What is this new visa all about?
This new regional points tested skilled visa is very cool little beastie and provides a fantastic springboard to permanent residence.
The visa is granted for 5 years, but once you’ve lived and worked in the designated regional area for at least 3 years, you can apply for the subclass 191 visa, which is a permanent residence visa. Oh yes, and your kids have to study in the designated regional area too!
The subclass 491 visa is a points tested skilled visa. You’ll need to submit and Expression of Interest (EOI) first (like you do now) and then wait for an invitation to submit a visa application. It’s really important to makes sure that you can meet all the visa requirements and support your points claim (with documents) before you lodge any type of skilled visa.
If you plan to deal with your own visa application, it’s often worth getting a migration professional to review your visa documents to make sure you have the points you think you have. Getting a skilled visa application refused because the Department of Home Affairs case officer doesn’t believe that you have the points claimed in your EOI can be a very expensive mistake. It’s a common mistake that can have serious repercussions!
How will it work?
Well, at the time of invitation to apply for the visa, an applicant must have the following:
- a suitable skills assessment
- competent English
- the points claimed (and be able to prove it!!!)
- a valid/current State or Territory government nomination OR
- a family sponsor who:
- has turned 18;
- is an Australian citizen, Australian permanent resident or eligible New Zealand citizen;
- is usually resident in a designated regional area;
- is related to the applicant, OR
- if the applicant’s spouse or defacto partner is included in the application, the sponsor is related or the applicant’s spouse or de facto partner
- Good health
- Good character (one or two minor convictions may not be an issue)
As always, there’s a bit more to it than that … if only visas were that easy!
What does “related” mean as far as this visa is concerned? It means:
- a parent; or
- a child or step-child; or
- a brother, sister, adoptive brother, adoptive sister, step-brother or step-sister; or
- an aunt, uncle, adoptive aunt, adoptive uncle, step-aunt or step-uncle; or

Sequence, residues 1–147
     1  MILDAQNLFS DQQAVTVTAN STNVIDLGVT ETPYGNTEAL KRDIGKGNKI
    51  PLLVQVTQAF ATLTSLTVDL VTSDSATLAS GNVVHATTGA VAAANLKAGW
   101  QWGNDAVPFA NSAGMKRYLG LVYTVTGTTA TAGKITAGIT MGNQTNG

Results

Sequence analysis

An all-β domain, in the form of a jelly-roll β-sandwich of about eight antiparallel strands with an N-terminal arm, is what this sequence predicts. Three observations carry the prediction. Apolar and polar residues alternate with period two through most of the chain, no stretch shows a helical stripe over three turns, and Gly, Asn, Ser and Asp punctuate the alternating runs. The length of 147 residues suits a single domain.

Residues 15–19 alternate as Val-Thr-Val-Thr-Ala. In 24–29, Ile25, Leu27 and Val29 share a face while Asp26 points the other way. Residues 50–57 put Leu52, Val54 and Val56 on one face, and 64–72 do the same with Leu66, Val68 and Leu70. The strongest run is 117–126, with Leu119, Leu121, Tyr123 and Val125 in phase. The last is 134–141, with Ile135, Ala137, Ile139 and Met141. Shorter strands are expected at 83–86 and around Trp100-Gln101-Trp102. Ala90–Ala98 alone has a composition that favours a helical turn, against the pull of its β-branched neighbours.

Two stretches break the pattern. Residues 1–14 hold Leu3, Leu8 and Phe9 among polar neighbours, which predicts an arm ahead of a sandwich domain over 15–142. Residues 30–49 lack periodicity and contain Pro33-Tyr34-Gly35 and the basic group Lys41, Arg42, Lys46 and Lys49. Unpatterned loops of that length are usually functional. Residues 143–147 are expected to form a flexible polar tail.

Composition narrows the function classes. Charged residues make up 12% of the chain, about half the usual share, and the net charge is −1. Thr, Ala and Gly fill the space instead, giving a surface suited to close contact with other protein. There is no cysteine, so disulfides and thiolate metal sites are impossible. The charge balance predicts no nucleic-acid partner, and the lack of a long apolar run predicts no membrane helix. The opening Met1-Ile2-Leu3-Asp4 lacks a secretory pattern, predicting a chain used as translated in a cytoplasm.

- a nephew, niece, adoptive nephew, adoptive niece, step-nephew or step-niece; or
- a grandparent; or
- a first cousin;
It’s important to understand that the sponsor “sponsors” each member of the family unit included in the application and that all members of the family unit will need to meet the health and character requirements.
Do I need to be anywhere in particular when the visa is granted?
Applicants can be in Australia or overseas when the visa is granted, but not in immigration clearance.
If a second instalment of visa application charge is payable (this only applies to secondary applicants aged 18 and over with less than functional English), the second instalment must be paid before the visa can be granted.
How long is the visa granted for?
5 years! It’s a temporary visa permitting the holder to travel to, enter and remain in Australia for 5 years from the date of visa grant and there are no restrictions on travel rights.
Are there any conditions attached to this visa?
You betcha! Two of the conditions include the following:
- You’ve got to tell the Department within 14 days if you move house, get a new email address or phone number or if you get a new passport. There are other things you must report as well. It’s all on the visa grant letter
- You’ve got to live, work and study in the designated regional area
… and it seems likely that the Department of Home Affairs and ATO will be keeping tabs on you to make sure you don’t breach your visa conditions.
Once you can prove that you’ve lived, worked and studied in the designated regional area for at least 3 years and complied with all your visa conditions, you’ll be able to apply for permanent residence. Now that’s cool!
Phone: +61 8 9429 8860